The rapid spread of the coronavirus disease 2019 (COVID-19) has shocked the world, with so far 33,257 dead and 697, 244 confirmed cases in 204 countries, areas and territories. The International Labor Organization estimates the loss of more than 25 million jobs and US$ 3.4 trillion losses in labor income.
It is expected that the COVID-19 crisis will hit developing countries harder with income losses exceeding $220 billion and nearly half of all jobs in Africa lost. An effective response must be driven by solidarity, science and human rights, whilst focusing on the most vulnerable people.
For the United Nations, and for the United Nations Development Programme (UNDP) in particular, the facts about poverty, climate change, inequality, and conflicts around the world are relevant to the whole of humanity. For this reason, we have been listening to people and experts and working to end poverty, protect the planet and ensure that all people enjoy peace and prosperity by 2030.
Impact on education, human rights and, in the most severe cases, basic food security and nutrition, is expected due to the coronavirus crisis, especially for the estimated 55 per cent of the global population with no access to social protection.
It is important to keep in mind that total number of confirmed cases do not provide a total accurate picture as like in the case of Libya there are gaps for testing capacity to identify COVID-19.
Furthermore, the need to respond to the current global health crisis only adds to the protracted security, political and economic crises. People in Libya live in permanent uncertainty and fear, as open conflict continues.
This new challenge comes to under-resourced hospitals and a fragile health systems, plus poor urban planning, the weak waste disposal services, and even traffic congestion impeding quick access to healthcare facilities.
For years, UNDP, as well as other UN agencies, have been supporting public institutions, local governments, civil society and communities in Libya to achieve stabilization, resilience and recovery, and contributing to shaping the conditions for peace and social cohesion in the west, east and south of the country.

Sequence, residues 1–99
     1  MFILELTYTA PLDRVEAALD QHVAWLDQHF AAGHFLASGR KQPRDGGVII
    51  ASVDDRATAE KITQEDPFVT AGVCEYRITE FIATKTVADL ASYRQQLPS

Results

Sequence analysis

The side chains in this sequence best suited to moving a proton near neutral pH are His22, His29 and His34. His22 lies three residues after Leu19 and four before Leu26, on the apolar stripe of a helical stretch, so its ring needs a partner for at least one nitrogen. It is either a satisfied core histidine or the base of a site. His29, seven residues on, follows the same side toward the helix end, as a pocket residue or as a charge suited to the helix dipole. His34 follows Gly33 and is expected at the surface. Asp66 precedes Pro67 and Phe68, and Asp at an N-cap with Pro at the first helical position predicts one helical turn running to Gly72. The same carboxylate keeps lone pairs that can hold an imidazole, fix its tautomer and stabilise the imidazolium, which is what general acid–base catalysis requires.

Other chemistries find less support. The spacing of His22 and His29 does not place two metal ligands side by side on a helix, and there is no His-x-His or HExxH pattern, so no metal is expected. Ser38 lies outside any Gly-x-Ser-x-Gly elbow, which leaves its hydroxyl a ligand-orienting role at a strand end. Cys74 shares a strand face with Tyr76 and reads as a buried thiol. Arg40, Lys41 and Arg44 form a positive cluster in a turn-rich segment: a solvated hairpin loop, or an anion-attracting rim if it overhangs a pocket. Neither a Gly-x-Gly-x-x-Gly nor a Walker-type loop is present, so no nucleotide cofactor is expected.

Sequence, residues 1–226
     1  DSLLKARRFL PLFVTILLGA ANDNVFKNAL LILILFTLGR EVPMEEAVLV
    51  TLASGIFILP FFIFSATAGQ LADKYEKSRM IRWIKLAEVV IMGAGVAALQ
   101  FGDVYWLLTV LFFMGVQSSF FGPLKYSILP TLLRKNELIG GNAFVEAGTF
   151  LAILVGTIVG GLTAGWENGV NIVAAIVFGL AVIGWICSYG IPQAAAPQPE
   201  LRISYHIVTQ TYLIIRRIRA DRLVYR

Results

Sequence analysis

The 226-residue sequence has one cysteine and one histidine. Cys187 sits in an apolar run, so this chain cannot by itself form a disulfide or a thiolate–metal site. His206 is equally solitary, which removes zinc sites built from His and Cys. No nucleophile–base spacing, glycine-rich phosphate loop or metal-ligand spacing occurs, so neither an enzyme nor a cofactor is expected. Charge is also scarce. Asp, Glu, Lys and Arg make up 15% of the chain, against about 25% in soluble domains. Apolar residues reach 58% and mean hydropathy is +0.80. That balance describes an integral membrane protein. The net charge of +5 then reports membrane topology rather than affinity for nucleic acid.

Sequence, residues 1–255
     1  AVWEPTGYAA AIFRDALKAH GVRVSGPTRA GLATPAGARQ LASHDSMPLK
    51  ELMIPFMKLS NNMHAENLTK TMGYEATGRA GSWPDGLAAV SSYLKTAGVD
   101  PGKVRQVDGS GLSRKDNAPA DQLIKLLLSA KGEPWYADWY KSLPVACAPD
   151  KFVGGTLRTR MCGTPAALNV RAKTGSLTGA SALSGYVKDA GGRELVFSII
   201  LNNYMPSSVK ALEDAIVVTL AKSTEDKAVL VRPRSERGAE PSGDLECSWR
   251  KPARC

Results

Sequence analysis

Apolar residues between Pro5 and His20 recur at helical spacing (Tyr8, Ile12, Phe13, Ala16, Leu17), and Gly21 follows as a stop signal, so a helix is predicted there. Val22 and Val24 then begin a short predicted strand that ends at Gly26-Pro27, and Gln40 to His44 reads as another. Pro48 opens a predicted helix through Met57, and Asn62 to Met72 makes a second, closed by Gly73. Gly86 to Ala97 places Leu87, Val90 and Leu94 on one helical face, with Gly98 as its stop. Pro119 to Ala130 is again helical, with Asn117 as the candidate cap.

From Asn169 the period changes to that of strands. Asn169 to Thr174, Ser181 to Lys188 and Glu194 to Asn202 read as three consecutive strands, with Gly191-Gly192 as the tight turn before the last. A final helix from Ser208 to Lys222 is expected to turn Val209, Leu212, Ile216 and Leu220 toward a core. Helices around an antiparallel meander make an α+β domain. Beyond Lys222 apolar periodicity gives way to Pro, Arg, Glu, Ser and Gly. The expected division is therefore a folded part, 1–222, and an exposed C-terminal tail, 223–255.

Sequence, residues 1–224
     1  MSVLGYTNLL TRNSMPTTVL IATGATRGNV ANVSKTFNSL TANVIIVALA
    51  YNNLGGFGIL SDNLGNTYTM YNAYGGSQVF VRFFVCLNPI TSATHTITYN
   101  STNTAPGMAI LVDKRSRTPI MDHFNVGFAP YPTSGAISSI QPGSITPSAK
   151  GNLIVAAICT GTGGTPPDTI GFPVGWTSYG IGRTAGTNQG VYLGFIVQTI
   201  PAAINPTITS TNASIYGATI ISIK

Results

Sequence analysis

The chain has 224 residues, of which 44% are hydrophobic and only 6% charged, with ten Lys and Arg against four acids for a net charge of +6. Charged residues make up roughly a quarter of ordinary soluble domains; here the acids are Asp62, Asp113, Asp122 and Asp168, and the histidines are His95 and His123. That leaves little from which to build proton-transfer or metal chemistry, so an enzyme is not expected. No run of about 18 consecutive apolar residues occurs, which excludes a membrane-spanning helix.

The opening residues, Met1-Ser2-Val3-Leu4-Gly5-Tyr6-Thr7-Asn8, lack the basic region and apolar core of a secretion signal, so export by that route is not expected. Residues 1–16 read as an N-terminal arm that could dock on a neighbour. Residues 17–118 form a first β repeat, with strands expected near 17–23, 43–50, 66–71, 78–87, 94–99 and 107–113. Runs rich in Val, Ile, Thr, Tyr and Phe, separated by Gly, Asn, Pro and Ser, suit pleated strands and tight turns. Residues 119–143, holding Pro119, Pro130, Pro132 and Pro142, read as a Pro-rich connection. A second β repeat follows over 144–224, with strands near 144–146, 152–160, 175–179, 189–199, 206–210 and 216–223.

Nowadays, UNDP, in coordination with public institutions and the United Nations, is responding to the Covid-19 crisis helping Libya in three ways:
The first is supporting national and local institutions to strengthen their health systems. With support from 13 international partners, our Stabilization Facility for Libya, and with funds from the European Union, our Resilience programme, continue supporting all three regions of Libya with provision of health infrastructure, health waste management, and water and sanitation equipment.
We are providing key strategic health infrastructure and medical equipment; upgrade capacities for local production of protection gear; help the Ministry of Health to build isolation rooms in hospitals and clinics, as well as provide technical assistance to design medical oxygen plants and procure urgent inputs like hospital beds, oxygen cylinders and corona virus test kits.
We are supporting Ministry of Justice to prevent and control COVID-19 in prisons.
We are also working with the Libya Accelerator Lab, part of a UNDP global network, to apply innovative ways and tools to support the COVID-19 response engaging key national and local actors for facilitating access to assistance to all and more effective actions.
The second is setting up a whole-of society response bringing all local and national authorities, civil society and private sector around the table. In Libya, this will include strengthening institutions for governance and crisis management at national and local level; and raising awareness on the exposure and precautions against the virus through a network of communication officers of municipalities in the South, West, and East of the country.
UNDP keeps supporting UNSMIL, so Libya can move forward with the Berlin peace process and pave the way for a comprehensive political solution, despite the constraints determined by the threat of the virus.
From Libya, we are hosting online reconciliation forums, and advocating in support of the call for an immediate global ceasefire in all corners of the world issued by the UN Secretary-General, Antonio Guterres, to fight the common enemy, COVID-19. We are supporting a group of 100 peace mediators from all corners of Libya spreading their word online: #unitedagainstcorona #peacenowstopcorona.
The third is addressing the socio-economic and human rights impacts of COVID-19 and safeguarding progress towards achieving the SDGs, including addressing stigma and discrimination arising from its spread and supporting marginalized people and vulnerable populations. In Libya, we will assess capacities and planning for long term inclusive development with especial focus on most vulnerable groups; implement special measures for those whose livelihoods are most affected; and conduct communication and advocacy campaigns engaging with civil society and community-based organizations at the local level to prevent discrimination.
Within the UN system coordinated response in Libya, we are working to ensure that no one is left behind, that we support preparation, management and recovery of this crisis and develop capacities for prevention in the longer term, and that we continue making progress in achieving the Sustainable Development Goals.
As UNDP in Libya, we continue working with and for the people of Libya, strengthening their capacities to respond to crises, now with a focus on the new corona virus pandemic, to overcome governance, social and economic impacts of conflict and crises from a long term inclusive and sustainable development perspective.